What is a Spinal Surgeon?

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  • Written By: M.C. Huguelet
  • Edited By: Heather Bailey
  • Last Modified Date: 16 November 2019
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A spinal surgeon is a type of orthopedic physician specializing in the correction of injuries and disorders of the vertebrae, such as herniated disks and scoliosis. His job typically involves conferring with patients to determine suitable treatment plans, acting as a consultant to other doctors, and performing surgeries. The work of a spinal surgeon requires a great deal of skill; thus in order to qualify for the position, candidates must first complete an intensive period of schooling and a residency program.

There are a number of spinal afflictions that can be surgically treated. Some of these, such as scoliosis, or curvature of the spine, can arise spontaneously; others, like dislocated vertebrae, can be caused by sports injuries or degenerative conditions like arthritis. Since surgery can be expensive and can require long and painful recovery periods, the spinal surgeon must always be certain that a patient’s disorder cannot be treated through less invasive routes. Therefore, a large proportion of his job is dedicated to consulting with patients, sometimes at the request of a non-orthopedic physician, to determine whether surgery is necessary. He may order and examine x-rays and explain the surgical process to his patient, outlining its risks and benefits; if the patient decides upon surgery he will likely also explain how to prepare and what to expect during rehabilitation.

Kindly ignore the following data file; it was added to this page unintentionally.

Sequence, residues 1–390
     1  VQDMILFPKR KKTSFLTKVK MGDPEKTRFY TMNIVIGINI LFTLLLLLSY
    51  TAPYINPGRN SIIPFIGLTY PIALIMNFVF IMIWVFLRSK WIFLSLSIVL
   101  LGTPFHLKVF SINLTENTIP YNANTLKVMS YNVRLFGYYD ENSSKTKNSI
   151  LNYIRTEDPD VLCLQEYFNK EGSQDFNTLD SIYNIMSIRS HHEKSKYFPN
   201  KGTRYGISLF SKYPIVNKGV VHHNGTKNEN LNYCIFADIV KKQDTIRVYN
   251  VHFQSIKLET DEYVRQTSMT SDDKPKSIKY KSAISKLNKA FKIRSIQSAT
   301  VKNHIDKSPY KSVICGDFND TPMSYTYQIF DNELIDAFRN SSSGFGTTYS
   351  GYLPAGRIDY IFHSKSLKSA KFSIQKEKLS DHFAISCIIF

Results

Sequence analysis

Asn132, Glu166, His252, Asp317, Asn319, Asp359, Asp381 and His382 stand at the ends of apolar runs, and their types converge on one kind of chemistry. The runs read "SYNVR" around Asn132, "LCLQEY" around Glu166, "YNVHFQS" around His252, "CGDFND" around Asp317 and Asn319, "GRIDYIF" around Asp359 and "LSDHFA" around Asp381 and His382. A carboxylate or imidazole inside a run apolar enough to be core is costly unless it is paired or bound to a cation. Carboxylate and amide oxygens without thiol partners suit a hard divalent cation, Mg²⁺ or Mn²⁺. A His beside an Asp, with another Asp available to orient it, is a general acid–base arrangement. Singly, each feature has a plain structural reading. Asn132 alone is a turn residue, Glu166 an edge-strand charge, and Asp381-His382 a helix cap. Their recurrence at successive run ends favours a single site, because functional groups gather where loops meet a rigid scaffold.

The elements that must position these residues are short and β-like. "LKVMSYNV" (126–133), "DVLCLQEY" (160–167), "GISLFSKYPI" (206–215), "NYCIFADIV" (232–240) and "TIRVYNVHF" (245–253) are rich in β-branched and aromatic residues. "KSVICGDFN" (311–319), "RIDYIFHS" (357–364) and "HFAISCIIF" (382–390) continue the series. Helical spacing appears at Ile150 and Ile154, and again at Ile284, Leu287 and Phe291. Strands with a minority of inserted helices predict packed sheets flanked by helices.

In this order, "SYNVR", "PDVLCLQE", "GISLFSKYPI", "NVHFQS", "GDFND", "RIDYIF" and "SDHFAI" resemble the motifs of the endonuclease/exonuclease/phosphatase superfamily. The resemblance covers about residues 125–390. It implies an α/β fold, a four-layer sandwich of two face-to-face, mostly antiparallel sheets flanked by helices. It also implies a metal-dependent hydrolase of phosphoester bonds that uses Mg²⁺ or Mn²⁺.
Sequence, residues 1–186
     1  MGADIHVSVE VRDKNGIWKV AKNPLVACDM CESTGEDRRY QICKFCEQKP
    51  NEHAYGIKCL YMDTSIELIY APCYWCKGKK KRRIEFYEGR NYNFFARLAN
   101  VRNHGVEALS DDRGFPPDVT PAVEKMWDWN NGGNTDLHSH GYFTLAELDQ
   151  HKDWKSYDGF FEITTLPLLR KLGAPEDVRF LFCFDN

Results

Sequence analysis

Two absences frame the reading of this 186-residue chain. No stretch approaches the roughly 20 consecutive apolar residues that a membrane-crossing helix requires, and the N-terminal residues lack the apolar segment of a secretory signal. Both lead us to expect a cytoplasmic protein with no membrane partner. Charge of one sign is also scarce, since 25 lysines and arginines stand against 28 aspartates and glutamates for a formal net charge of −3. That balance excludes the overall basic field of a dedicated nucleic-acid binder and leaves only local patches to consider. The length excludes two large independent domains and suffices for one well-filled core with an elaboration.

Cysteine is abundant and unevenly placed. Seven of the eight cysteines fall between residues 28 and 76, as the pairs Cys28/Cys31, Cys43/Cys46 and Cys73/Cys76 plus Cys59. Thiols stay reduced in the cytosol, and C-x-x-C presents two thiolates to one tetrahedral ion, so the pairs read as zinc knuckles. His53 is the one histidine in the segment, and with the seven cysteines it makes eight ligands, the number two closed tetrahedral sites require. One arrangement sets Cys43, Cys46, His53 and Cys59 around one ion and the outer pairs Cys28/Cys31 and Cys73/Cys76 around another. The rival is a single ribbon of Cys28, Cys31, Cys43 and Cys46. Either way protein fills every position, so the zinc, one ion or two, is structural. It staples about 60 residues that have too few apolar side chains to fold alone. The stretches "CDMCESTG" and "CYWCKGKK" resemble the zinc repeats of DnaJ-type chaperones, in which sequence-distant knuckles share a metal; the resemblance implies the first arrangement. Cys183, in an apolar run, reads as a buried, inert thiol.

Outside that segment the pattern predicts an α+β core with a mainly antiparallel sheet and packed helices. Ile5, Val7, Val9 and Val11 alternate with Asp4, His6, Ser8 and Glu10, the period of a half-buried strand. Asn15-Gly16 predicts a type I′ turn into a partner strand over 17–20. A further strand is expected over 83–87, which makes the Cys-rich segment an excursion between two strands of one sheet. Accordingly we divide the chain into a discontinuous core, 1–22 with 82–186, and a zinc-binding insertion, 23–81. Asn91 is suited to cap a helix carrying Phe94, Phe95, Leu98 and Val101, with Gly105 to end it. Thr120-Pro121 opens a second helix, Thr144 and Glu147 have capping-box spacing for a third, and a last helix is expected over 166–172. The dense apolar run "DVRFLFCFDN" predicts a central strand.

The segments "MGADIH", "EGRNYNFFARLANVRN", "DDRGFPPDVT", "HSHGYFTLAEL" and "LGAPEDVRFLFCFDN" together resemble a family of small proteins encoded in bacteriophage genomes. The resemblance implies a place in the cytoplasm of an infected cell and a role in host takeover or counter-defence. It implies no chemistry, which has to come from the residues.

The types of procedures performed by a spinal surgeon vary depending on the condition of each patient. Some are highly invasive. A treatment known as cervical spondylotic myelopathy (CSM), for instance, involves the removal of bones or discs from the spinal cord to relieve compression of the cord. Spinal fusion, which fixes a section of the vertebrae together to prevent its movement, is also a major procedure. Used to treat conditions like severe scoliosis and spinal instability, this surgery involves affixing metal rods or grafted bone to the affected area of the spinal column, making that section immobile.

Some spinal surgeries are less extreme. For instance, kyphoplasty, a procedure that treats fractured or collapsed vertebrae, involves the insertion of a small balloon at the site of the damaged vertebra. The balloon is then inflated, causing the vertebra to reassume its normal position.

Due to the highly challenging nature of this job, a prospective spinal surgeon must endure a long and rigorous training period. In the US, he must normally complete four years of undergraduate education and four years of medical school, and then proceed to a five-year orthopedic residency program. To qualify as a spinal specialist, he must work as an orthopedic surgeon for two years following his residency and take a final examination. Medical school admissions are highly selective; orthopedic residency programs, even more so. Thus orthopedic residents tend to have ranked very highly in their medical school classes.


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